(left to right) Dennis Conger, Senator Fisher, Kyle Conger, Rob Sexton (U.S. Sportsmen’s Alliance), Govenor Heineman, Brett Bayer, Melissa Schilling (National Shooting Sports Foundation) Mark Pinkerton (Nebraska Game & Parks)
LINCOLN, Neb. — Brett Bayer, Nebraska’s National Wild Turkey Federation state chapter president and Dennis Conger, NWTF regional director, attended a ceremonial signing of a new law by Gov. Dave Heineman that will enhance opportunities for Nebraska’s youth hunters.
The NWTF, the National Rifle Association (NRA), the U.S. Sportsmen’s Alliance (USSA) and the National Shooting Sports Foundation (NSSF) worked diligently to create support for, and the passage of Legislative Bill 690.
The law creates an apprentice hunter education exemption certificate that allows experienced hunters to take a newcomer hunting before completing a hunter education course. The new law also lowers the deer-hunting age for mentored youth from 12 to 10, allowing parents to introduce their sons and daughters to America’s hunting tradition at a younger age.
“Our partners and volunteers worked hard to promote this bill, and we believe it gives Nebraska’s youth enhanced opportunity to experience the Great Outdoors,” said Brett Bayer, NWTF Nebraska state chapter president. “Our studies show that mentored youth hunters are the safest in the field, and also that youth who start hunting at a younger age are more likely to remain hunters for life.”
The NWTF, along with the USSA and NSSF, has led the charge to remove youth hunting barriers via the Families Afield initiative. Together, with the support of the National Rifle Association and state and local sportsmen’s organizations, the partnership has worked to remove state restrictions for youth hunting.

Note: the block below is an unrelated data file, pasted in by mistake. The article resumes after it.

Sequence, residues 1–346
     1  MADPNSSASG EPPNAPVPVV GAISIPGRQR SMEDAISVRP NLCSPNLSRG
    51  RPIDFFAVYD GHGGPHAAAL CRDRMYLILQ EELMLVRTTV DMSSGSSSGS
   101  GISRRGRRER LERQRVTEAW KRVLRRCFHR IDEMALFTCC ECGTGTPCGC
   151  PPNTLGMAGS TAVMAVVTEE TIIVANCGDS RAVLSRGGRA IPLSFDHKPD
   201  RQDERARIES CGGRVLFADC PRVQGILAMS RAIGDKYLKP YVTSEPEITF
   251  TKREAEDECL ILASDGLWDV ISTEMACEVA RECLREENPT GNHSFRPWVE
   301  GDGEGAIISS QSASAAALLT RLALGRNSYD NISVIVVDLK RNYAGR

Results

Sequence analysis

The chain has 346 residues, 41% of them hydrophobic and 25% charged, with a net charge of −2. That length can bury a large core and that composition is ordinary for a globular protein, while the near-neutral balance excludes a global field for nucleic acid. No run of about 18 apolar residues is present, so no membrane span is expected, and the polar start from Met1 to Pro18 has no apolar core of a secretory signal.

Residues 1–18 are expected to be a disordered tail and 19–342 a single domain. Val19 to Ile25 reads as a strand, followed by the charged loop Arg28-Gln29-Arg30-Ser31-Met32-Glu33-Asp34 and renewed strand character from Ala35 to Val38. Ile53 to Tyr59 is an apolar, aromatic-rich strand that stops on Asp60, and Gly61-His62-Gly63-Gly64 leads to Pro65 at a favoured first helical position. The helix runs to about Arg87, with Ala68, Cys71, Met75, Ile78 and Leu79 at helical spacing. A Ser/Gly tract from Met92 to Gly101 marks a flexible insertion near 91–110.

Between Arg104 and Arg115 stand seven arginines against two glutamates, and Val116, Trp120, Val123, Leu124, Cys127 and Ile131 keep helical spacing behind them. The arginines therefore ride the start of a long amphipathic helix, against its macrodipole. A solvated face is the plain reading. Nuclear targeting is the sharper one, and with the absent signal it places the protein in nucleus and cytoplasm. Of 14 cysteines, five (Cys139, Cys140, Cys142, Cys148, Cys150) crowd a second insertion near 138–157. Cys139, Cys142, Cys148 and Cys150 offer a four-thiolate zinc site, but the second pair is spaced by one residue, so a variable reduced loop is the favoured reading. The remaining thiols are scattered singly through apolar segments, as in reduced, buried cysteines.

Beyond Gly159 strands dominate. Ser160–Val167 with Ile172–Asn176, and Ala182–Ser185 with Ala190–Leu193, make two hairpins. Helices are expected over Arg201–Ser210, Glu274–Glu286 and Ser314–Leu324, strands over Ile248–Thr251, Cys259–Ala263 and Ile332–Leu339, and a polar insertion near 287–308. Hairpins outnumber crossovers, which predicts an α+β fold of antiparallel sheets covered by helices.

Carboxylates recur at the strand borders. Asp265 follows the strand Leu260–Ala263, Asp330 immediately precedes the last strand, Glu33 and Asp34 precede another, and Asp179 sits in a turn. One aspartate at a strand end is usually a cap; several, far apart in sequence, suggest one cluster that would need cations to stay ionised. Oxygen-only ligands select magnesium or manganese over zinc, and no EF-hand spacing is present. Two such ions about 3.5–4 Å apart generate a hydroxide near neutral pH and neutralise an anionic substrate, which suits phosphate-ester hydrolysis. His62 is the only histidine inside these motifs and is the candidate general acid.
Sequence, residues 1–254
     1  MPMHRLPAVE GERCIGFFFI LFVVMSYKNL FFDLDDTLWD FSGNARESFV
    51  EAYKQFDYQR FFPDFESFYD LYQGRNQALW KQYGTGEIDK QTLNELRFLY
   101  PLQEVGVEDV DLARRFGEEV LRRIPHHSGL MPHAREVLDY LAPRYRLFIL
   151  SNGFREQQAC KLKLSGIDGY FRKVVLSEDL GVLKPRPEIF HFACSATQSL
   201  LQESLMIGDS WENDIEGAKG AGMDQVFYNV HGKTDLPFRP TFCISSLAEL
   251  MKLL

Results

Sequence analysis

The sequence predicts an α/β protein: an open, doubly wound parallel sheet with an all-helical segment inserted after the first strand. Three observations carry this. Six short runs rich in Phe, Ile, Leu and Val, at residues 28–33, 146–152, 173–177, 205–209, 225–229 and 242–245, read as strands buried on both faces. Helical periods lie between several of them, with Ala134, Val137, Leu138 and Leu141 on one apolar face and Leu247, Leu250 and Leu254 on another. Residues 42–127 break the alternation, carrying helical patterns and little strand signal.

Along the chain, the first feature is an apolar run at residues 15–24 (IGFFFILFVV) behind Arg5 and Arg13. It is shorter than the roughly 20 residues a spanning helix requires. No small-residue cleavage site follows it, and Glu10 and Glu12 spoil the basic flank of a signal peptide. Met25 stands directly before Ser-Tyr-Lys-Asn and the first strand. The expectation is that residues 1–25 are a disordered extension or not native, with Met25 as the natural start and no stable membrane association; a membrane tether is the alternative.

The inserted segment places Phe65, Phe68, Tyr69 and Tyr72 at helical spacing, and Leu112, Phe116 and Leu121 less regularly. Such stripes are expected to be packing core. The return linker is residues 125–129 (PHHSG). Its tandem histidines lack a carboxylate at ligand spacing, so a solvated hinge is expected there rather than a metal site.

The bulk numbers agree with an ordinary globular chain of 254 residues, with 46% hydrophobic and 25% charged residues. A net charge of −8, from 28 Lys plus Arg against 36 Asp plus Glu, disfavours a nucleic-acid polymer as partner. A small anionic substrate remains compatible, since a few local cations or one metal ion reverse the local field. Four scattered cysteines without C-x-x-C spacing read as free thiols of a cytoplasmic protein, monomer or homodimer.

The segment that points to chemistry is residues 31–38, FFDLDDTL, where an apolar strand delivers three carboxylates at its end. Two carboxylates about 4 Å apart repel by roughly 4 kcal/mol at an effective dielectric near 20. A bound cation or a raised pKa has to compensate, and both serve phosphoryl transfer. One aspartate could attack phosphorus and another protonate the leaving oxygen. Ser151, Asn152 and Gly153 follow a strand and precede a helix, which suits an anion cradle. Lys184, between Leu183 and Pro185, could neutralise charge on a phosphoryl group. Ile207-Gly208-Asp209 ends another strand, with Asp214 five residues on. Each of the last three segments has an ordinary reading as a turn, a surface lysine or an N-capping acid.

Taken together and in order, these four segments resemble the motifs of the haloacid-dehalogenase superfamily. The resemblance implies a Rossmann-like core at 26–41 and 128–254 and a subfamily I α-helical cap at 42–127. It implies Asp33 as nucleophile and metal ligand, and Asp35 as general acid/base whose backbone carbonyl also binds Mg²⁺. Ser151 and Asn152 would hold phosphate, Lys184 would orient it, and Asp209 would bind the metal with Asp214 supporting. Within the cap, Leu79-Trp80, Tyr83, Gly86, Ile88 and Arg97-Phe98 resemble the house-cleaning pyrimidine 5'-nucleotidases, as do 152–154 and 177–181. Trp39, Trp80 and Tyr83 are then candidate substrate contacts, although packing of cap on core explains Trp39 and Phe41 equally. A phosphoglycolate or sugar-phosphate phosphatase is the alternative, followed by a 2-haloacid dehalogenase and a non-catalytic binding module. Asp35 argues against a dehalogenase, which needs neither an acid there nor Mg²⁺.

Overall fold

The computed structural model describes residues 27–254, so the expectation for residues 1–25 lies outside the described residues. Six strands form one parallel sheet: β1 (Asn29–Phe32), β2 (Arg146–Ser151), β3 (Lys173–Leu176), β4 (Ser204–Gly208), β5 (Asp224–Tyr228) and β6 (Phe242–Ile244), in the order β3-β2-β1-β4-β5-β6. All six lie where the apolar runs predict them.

“The NWTF’s grassroots network of volunteers in Nebraska should be commended for their work in the passage of this legislation,” said Rob Keck, NWTF CEO. “Their dedication to creating opportunities for new hunters has paid off.”
To date, 21 states have passed legislation similar to Nebraska’s. Data from six of those states show that apprentice hunting programs introduced more than 35,000 young people to America’s outdoor tradition of hunting.
“Allowing mentors to get young people interested in hunting at an early age lays the foundation for being good conservationists,” said Keck. “By removing barriers at the state level, we’re ensuring our hunting heritage remains strong.”
NWTF Regional Biologist Brandon Houck echoed those sentiments, noting, “Hunters help fuel Nebraska’s economy with the dollars they spend on their sport and on travel. Signing this bill into law means great things not only for Nebraska but for the future of wildlife conservation as well.”